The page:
5. What tests help to diagnose GERD?

It is important to diagnose other diseases, some of which are life threatening that can mimic GERD. A cardiac workup and gallbladder ultrasound for instance could be considered.

An upper GI x-ray looks at the anatomy and function of the esophagus and stomach, and can be helpful.

An upper endoscopy of the esophagus and stomach is a critical part of the evaluation of patients with GERD.  Its main aim is to detect complications of GERD, the presence of which often influences therapeutic decisions.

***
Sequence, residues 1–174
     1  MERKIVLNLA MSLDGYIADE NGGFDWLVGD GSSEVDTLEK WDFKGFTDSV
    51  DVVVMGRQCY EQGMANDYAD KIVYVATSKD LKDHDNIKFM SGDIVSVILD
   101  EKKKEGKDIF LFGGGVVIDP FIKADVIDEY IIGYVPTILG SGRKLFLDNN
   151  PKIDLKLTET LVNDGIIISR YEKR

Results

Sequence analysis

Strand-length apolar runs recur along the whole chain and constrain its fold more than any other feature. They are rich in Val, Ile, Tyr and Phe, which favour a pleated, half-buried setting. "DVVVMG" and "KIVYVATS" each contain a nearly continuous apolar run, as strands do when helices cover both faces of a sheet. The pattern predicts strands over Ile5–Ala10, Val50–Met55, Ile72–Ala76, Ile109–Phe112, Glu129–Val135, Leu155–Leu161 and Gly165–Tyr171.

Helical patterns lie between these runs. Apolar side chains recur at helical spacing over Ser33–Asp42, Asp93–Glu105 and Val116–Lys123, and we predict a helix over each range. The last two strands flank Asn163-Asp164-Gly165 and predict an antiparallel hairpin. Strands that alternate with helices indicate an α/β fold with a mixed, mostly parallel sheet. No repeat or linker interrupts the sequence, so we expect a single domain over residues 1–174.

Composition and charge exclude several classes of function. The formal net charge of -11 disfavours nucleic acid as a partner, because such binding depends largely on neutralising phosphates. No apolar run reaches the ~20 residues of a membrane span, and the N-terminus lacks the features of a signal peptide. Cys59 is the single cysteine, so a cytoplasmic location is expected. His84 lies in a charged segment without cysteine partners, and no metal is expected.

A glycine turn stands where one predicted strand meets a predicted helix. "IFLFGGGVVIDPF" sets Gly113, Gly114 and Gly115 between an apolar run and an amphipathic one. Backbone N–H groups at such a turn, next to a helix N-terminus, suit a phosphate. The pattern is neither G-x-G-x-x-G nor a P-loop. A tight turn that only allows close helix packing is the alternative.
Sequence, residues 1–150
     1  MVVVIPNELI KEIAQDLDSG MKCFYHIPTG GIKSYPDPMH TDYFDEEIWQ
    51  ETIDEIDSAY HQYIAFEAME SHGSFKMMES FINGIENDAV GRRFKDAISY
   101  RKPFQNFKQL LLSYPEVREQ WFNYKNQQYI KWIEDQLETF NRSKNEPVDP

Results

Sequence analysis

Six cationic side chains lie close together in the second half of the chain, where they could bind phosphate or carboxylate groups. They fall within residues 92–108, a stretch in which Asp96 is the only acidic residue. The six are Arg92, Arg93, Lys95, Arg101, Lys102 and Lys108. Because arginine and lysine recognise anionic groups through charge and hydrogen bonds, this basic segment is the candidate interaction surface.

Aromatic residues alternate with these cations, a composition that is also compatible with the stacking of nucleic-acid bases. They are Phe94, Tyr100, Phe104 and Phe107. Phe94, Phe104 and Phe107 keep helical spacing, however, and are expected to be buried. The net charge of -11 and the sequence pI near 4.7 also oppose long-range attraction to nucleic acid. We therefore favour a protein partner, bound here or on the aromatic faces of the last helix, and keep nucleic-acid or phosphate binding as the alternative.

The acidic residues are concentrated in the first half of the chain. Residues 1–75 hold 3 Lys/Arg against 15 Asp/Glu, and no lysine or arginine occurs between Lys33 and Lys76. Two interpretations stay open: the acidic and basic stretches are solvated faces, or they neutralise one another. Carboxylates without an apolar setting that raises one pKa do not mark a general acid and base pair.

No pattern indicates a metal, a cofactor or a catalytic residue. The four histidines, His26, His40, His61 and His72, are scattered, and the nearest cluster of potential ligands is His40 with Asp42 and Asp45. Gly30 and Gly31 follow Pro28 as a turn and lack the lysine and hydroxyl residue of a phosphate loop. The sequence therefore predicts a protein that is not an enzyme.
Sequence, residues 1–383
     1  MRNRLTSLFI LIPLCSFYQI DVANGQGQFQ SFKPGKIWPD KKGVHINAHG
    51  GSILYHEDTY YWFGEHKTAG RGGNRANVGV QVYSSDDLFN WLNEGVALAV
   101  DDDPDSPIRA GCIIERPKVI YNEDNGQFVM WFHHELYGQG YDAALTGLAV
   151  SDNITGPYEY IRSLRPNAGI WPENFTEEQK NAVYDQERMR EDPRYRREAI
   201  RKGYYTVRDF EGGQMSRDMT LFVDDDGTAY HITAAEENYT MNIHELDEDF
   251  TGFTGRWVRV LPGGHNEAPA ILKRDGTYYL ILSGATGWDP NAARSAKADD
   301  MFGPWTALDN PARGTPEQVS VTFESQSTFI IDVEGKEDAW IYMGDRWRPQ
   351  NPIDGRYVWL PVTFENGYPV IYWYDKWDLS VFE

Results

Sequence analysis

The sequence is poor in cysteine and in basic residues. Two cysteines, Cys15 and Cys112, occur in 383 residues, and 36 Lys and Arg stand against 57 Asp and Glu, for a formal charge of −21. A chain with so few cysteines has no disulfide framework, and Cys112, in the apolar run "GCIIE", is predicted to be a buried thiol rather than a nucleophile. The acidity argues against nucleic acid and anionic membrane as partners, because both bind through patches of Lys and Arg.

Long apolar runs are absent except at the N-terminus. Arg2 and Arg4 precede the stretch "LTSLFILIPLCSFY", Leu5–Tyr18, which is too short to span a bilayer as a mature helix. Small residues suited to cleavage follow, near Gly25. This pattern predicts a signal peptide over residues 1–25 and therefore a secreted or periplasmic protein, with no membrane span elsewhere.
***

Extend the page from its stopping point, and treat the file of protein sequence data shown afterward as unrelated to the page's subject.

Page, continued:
A 24-hour pH monitor is considered by many to be the gold standard for the diagnosis of GERD and has the highest sensitivity and specificity of all tests currently available.  Some have suggested that 24-hour pH monitoring be used selectively, limiting its use to patients with atypical symptoms and/or no endoscopic evidence of GERD.  More than half of the patients currently referred for an anti-reflux operation will have no endoscopic evidence of muscosal injury.  For these patients, 24-hour pH monitoring provides the only objective measure of the presence of pathologic reflux.